The Yeosu expo has been receiving a great deal of attention from the Korean media, much of which has focused on the massive amount of money which has poured into the creation of this project. It has been reported that the equivalent of 1.4 billion euros has being spent in constructing and organizing the expo. Korean authorities, perhaps learning from previous money squandering ventures have insisted it is money well spent and it will generate billions more. These claims are yet to be proven, what is known now, however, is that for some countries, such as Canada, participation has proven too expensive.
It was with these thoughts in mind that I spent five hours on a bus from Seoul to Yeosu to find out what all the fuss was about. Arriving in the morning, before the crowds had started to pour in, I headed through the security check points with everything in my pockets setting off the security alarms. As with many of my encounters with security in Korea, however, it was mostly for show and the security women waved me through with a smile and a bow.
Along with the group I had traveled down with, I made my way to the high ground closest the entrance for a better view of the expo. Surprise and confusion would be the words I would use to describe my first glimpse of the expo. From the news reports and the brochures I had been led to believe that this was an event created in harmony with the natural environment, “a symbol of the harmonious existence of human beings and the ocean”, according to Kang Dong-suk, Chairman of the Yeosu Expo 2012 organizing committee. Yet, as I cast my eye over the many buildings that stretched from the soft rolling mountains guarding the bay area of Yeosu to the ocean’s edge I saw only cumbersome attempts at futuristic architecture, colossal cement creations and the shining lights of Samsung, LG, Posco, GS group and a multitude of other Korean Chaebol brands clamoring for attention. Where was the harmony? Where was focus on the nature and beauty of this part of Korea? It seemed to have been swept away under the wheels of big Korean business, engulfed in the neon lights of the Hyundai group building, trampled underfoot of the Dunkin Doughnuts and Angel-in-us coffee shops that dotted the grounds.
Not wanting to believe that the expo could have failed to achieve it primary goal I decided to hold judgment until I had had a chance to look around more.
The day was spent walking hither and thither with my group, we stumbled from one country’s booth/show to another, walked from the “Big-O”- an object which already appears aged and out of place perched above the water at the heart of the expo grounds- to the Marine Industry and Technology pavilion and back again. The first stop after lunch was the aquarium, which despite high hopes, proved to be equally as underwhelming, the Koreans in my group commenting that, “It was ok, just ok”.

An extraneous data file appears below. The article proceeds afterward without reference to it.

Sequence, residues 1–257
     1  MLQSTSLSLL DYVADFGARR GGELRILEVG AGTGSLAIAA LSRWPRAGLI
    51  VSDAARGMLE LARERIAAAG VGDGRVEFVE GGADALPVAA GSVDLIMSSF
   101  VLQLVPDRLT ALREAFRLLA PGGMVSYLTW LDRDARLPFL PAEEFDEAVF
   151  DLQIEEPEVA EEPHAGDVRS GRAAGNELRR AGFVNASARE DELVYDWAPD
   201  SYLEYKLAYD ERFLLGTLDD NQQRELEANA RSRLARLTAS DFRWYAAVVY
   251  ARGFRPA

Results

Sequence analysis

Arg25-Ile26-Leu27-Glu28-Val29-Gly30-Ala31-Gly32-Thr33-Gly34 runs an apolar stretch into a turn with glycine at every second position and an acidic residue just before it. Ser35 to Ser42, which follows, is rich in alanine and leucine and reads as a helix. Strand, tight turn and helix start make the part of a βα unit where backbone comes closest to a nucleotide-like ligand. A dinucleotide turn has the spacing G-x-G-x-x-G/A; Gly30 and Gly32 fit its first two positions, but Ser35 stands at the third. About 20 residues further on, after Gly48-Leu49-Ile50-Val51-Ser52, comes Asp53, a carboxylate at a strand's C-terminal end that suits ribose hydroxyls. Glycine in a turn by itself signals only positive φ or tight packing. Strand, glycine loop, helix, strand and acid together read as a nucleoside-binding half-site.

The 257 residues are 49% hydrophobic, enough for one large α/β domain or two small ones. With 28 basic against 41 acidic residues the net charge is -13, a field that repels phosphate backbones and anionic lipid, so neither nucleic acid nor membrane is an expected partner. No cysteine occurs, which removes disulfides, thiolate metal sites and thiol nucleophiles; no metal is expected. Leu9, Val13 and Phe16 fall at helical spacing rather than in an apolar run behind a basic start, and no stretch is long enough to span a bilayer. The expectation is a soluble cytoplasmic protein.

It then occurred to me what this is. I had been approaching this event as if it were designed for the everyday person. There were indicators that this was indeed the case, as there is outdoor entertainment, food, snacks, soft drink and alcohol stands throughout the expo. However, a full day of walking in circles, visiting this show and that, helped me to figure out that this is about business -big business. As our group walked down the road, flanked by the biggest players in Korean industry, it became clear that this was an expose of what the crème de la crème of Korea has to offer as a place for foreign investment to throw their money. Sure, there are places to eat and drink, American and Korean chain stores are everywhere, but what marks this expo is not the same fast food we can eat anywhere in Korea, rather the giant spaces colonized from nature for the purpose of tempting foreign capital. Fair enough, I thought. I just wished I had known this before I decided to travel ten hours here and back again to see SK Telecom and GS compete with each other for the title of most energy used to light up their giant logos.
Once I had realized what was going on, and decided that I would never figure out what the point had been of spending billions on this event, I decided to focus on some of the highlights of the expo: Definitely the football playing and dancing robots would rank among the most popular of pavilions. Following this, the French space should also be given a mention, exhibiting fantastic imagination in its pavilion design, displaying music playing robots, swimming fish robots and wonderful lighting. The Sky Tower was also a building worth a visit. This was once a storage silo and after being converted into an observatory tower and massive organ from which music periodically floats, it was the perfect spot from which to look out across the expo and beyond.
The International Exposition Yeosu Korea 2012 cost a fortune to create and quite frankly I hope that people will ask two questions: where this money went and what will happen to this site in the future. In terms of showcasing the biggest and brightest of Korean industry and technology, the expo lives up to the task. Considering the time we spent to travel to Yeosu and the hype we had been subjected to through the media, however, it was a disappointment. One day, I hope those who write the checks in Korea will realize that there are so many interesting things in their country, so many great things that could be shown to the world, things that do not require a massive amount of land and sea be turned into a fun park for foreign currency.